All of those things have to be grieved, but even if I ignore everything else that hurts in breakups… there’s still, always, that terrible, terrible truth that someone else shat all over my identity.

 

Sure, sometimes breakups are logistics or geography… timing or incompatibility… but mostly they are a commentary on the person being dumped.

 

Not worth the effort unless there’s sex.

 

That was the commentary on Kate.

 

And you know what is the craziest thing ever?

I want My Person back.

Not really… but sometimes, in the stupid part of my heart that wants to go back and re-have what we had.

 

I’ve watched most of the women in my life stay in shitty relationships. I’ve also watched a complete stranger want to go back to him after he shot her son, choked her, beat the hell out of her, slit her throat, and cut off the tips of her fingers.

 

Because there is something about the way a romance impacts identity… validates identity… destroys identity… builds up… magnifies… reveals… reflects… identity.

 

That’s why DV victims can’t leave him. Identity.

 

I was proud of the choices I made in my summer fling with My Person. I did a truly spectacular job setting boundaries and paying attention to what was really going on in the relationship and why.

On day one, I was aware enough to suspect that My Person wasn’t used to hearing no. I was careful. Payed attention.

I also had a lot of fun. I allowed myself to really try. To be vulnerable. To hope. To have secrets within and about this relationship. To kiss.

Prior to this relationship, it had been more than ten years since I’d kissed anyone.

This is totally a side-beef that I have, but not kissing is one of those things that I think married people don’t get. They can’t. Some of them probably don’t have a ton of sex, but it’s impossible to explain to a married Christian how painful it is to try to “kiss dating goodbye” Joshua Harris style. And, okay, not all Christians do the no kissing thing, and I honestly wasn’t even trying not to kiss… but the Christian dating world is a bleak, bleak place. There was nobody I even wanted to kiss, nor would they have been on-board for a kis on or before the one-month mark.

And yes, I admit it, My Person is not a Christian. Had my person been a Christian, we would have talked a lot about marriage and baby-making and predestination… but we definitely wouldn’t have kissed.

 

Side-beef rant ended.

 

Yes, the correct question right now is how all of this fits into my faith. I don’t have a good answer for you. My beliefs about Who God is and how to read the Bible and what God expects from me have changed a lot. However, I’m not having a crisis of faith. As has been my habit since I was 17, God and I talk nearly every day. I read my Bible. Journal. Listen. Ask Him questions. He’s teaching me things… but I haven’t got it figured out just yet.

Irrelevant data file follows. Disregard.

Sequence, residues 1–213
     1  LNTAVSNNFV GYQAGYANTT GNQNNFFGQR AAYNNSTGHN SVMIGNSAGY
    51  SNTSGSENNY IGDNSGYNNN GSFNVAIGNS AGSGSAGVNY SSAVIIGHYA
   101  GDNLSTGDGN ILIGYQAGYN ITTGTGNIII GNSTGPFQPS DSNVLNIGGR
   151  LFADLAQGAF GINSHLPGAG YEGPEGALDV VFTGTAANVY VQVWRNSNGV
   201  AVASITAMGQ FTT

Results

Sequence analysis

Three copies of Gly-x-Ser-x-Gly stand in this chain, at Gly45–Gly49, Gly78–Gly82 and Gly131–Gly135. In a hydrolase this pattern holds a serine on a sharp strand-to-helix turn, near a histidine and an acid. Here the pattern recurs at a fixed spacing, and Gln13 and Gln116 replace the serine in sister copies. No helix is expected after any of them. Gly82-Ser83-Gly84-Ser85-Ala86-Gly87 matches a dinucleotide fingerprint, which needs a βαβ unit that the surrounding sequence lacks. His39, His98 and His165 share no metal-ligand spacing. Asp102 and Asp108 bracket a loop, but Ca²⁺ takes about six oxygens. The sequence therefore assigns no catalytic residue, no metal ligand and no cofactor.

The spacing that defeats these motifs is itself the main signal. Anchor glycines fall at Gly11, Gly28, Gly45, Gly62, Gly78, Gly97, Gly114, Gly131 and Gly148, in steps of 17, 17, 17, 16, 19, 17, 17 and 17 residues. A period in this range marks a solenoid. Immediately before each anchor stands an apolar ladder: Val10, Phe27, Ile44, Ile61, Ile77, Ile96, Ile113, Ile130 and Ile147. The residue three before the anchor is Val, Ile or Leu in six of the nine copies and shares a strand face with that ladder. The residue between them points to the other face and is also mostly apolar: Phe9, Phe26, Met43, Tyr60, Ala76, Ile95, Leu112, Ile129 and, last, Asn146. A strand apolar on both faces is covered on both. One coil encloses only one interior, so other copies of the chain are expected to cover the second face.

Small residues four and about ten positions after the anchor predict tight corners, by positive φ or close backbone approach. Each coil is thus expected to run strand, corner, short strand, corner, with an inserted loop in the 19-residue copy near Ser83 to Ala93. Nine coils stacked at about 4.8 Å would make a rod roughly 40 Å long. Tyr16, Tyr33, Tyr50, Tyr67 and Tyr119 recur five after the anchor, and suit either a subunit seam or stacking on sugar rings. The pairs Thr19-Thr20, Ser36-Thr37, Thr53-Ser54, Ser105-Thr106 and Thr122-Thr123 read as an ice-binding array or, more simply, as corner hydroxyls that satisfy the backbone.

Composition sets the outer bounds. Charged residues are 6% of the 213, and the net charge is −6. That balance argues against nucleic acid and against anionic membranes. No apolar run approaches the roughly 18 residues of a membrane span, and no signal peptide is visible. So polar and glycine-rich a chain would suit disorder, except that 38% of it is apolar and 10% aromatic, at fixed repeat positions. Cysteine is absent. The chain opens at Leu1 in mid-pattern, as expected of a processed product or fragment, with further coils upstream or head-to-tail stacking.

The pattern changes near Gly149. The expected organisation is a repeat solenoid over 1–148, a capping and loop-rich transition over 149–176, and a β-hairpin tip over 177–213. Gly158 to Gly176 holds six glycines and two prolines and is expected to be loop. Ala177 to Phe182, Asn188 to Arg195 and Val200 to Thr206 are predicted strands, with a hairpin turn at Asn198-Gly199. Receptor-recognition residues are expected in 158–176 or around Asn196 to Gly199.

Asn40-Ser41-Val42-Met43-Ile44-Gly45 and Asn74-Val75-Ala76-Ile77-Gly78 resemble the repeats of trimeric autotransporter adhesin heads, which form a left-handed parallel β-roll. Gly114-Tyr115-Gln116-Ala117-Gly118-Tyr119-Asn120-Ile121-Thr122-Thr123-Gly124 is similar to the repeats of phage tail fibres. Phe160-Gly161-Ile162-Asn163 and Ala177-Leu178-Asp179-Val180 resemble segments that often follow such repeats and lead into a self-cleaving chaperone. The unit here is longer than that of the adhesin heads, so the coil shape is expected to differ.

I will say I think I’ve learned that it takes a remarkable sense of self-worth to do the relationship thing well. Were I the type of girl who doesn’t see any value in herself, I would have gone to Phoenix and I would still be with My Person.

I’ve spent a lot of my life trying to consider others more important than myself. That’s what Jesus would do, right? That’s what the Bible legit tells us we should be doing… Phillippians 2:3. And you can qualify that ish all you want with talk about appropriate boundaries or how Paul was only telling us to be that way within the church… but Paul didn’t qualify it that way, nor do I think he meant us to only take on a humble posture like that with other Christians. And had I considered My Person more important than myself, it would have been disastrous.

 

On that note… I have a date with a New Person this weekend. New Person seems nice. Is interested in theology. Doesn’t drink. Doesn’t like texting. The rest will have to be discovered over time. Here’s to hoping New Person and I do better than a 90s tv breakup… over text message (which I understand didn’t exist in the 90s).

🙂

The End of My Self


*Yes, I’m aware that the word is myself… by I really mean it to be more like my self… with self as the noun, and my as possessive. You also have a self… that’s what I’m writing about today.

I remember sitting with the Johnsons, and one or both of them pointed out that I don’t do a very good job of needing, and, perhaps that’s one of the reasons I gravitate toward singleness. They tried to explain the difference between needing someone to live… and just needing someone. Just because the heart keeps beating once someone is gone and that person lives on… that doesn’t mean the need for that lost person has lessened. I get that… and I think I got it in a very intellectual capacity then. However, I also had an intellectual understanding of my misunderstanding of “need.”

I tucked that thought away and brought it out every so often, never quite feeling that “need” for someone, but always knowing that I was missing something.